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The aim of this article has been to recount how we go about describing two epochs of the Universe's evolution during which it may have experienced accelerated expansion, and to highlight possible similarities in those descriptions. It is an appealing possibility that the same underlying mechanism may be responsible in each case.

Concerning the early Universe, I have introduced some of the facets of inflation in a fairly simple manner. If you are interested in going beyond this, a detailed account of all aspects of the inflationary cosmology can be found in Ref. [3]. Additional material on particle physics and model building aspects of inflation can be found in Ref. [11].

At present, inflation is the most promising candidate theory for the origin of perturbations in the Universe. Different inflation models lead to discernibly different predictions for these perturbations, and hence high-accuracy measurements are able to distinguish between models, excluding either all or the vast majority of them. Since its inception, the inflationary cosmology has been a gallery of different models, and the gallery has continually needed extension after extension to house new acquisitions. In all the time up to the present, very few models have been discarded. However, the near future holds great promise to finally begin to throw out inferior models, and, if the inflationary cosmology survives as our model for the origin of structure, we can hope to be left with only a narrow range of models to choose between.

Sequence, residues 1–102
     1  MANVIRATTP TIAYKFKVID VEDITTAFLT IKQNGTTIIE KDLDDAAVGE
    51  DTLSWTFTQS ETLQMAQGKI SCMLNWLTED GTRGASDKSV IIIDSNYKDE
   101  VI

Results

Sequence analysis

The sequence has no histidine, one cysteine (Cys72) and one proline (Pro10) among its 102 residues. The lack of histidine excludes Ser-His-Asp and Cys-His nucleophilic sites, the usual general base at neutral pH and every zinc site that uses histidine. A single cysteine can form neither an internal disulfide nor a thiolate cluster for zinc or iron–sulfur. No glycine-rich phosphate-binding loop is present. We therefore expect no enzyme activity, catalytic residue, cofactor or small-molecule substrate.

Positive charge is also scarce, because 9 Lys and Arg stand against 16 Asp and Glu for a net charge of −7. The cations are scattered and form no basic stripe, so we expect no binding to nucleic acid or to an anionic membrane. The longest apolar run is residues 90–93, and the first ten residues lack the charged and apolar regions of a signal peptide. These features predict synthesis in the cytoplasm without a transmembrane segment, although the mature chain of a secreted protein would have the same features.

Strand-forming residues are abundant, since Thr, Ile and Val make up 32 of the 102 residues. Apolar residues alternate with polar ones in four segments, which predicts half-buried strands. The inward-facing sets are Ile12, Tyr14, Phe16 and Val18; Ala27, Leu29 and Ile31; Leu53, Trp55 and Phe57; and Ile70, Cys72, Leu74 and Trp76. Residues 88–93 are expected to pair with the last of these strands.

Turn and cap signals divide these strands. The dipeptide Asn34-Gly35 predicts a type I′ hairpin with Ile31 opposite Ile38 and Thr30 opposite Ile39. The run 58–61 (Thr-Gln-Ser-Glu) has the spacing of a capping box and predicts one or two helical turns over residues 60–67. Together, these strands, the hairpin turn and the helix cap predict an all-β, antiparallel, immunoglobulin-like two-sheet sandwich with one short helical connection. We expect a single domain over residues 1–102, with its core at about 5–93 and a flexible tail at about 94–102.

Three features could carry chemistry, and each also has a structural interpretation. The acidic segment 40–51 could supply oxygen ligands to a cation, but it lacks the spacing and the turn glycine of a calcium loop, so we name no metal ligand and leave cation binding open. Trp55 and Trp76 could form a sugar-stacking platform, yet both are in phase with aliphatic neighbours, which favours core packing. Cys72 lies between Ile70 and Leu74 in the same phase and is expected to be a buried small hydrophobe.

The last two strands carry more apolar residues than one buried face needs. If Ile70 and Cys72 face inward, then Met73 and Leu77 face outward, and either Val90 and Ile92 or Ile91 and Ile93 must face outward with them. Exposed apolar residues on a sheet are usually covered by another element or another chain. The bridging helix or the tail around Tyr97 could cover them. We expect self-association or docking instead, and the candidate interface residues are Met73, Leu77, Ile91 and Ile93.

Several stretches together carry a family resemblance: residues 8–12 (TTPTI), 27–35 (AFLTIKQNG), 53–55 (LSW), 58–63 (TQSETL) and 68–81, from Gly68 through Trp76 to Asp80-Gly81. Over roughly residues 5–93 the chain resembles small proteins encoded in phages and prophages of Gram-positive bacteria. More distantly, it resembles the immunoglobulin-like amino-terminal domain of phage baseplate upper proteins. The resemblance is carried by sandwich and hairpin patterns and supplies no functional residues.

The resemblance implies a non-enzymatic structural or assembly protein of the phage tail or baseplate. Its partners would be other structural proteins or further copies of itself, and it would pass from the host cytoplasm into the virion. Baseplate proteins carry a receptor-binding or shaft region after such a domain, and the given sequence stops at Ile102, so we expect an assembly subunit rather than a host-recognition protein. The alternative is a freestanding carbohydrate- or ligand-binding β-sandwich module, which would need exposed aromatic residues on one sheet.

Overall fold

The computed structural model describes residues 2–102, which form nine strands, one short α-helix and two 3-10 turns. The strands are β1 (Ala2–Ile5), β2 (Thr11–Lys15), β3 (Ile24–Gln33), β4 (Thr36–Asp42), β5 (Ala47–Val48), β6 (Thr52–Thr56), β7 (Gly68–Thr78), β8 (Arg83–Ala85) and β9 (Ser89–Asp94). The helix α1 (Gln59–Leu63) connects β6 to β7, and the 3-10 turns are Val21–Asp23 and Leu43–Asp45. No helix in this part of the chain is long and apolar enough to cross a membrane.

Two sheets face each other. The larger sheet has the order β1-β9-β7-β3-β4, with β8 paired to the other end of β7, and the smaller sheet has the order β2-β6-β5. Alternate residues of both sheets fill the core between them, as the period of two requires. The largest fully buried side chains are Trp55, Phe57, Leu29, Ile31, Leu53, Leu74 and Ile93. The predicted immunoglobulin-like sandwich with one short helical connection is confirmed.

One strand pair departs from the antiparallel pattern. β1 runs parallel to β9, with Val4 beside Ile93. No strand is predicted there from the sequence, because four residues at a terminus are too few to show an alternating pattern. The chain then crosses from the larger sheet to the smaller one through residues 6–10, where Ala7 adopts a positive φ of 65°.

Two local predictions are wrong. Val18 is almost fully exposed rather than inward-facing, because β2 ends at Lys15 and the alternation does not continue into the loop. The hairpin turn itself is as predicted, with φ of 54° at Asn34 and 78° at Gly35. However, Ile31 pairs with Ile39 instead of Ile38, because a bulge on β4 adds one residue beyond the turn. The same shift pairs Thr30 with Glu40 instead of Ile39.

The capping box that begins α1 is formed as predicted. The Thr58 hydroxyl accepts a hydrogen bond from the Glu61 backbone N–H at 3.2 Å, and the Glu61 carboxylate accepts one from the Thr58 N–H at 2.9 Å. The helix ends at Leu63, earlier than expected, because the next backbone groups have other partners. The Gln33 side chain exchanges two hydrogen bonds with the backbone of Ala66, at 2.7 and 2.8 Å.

Concerning the present Universe, quintessence is an interesting idea which is still in its early days as far as observations are concerned. It provides a framework in which to study the possibility of an accelerating Universe at present, but so far it has not completely lived up to its initial promise as a way of challenging problems such as the coincidence problem. There appears to be plentiful scope for further investigations of possible quintessence scenarios to try and remedy this shortcoming, especially in anticipation of improved observations in years to come. At present, there is little in the way of rivals to quintessence in terms of allowing a quantitative description of the recent evolution of the Universe.

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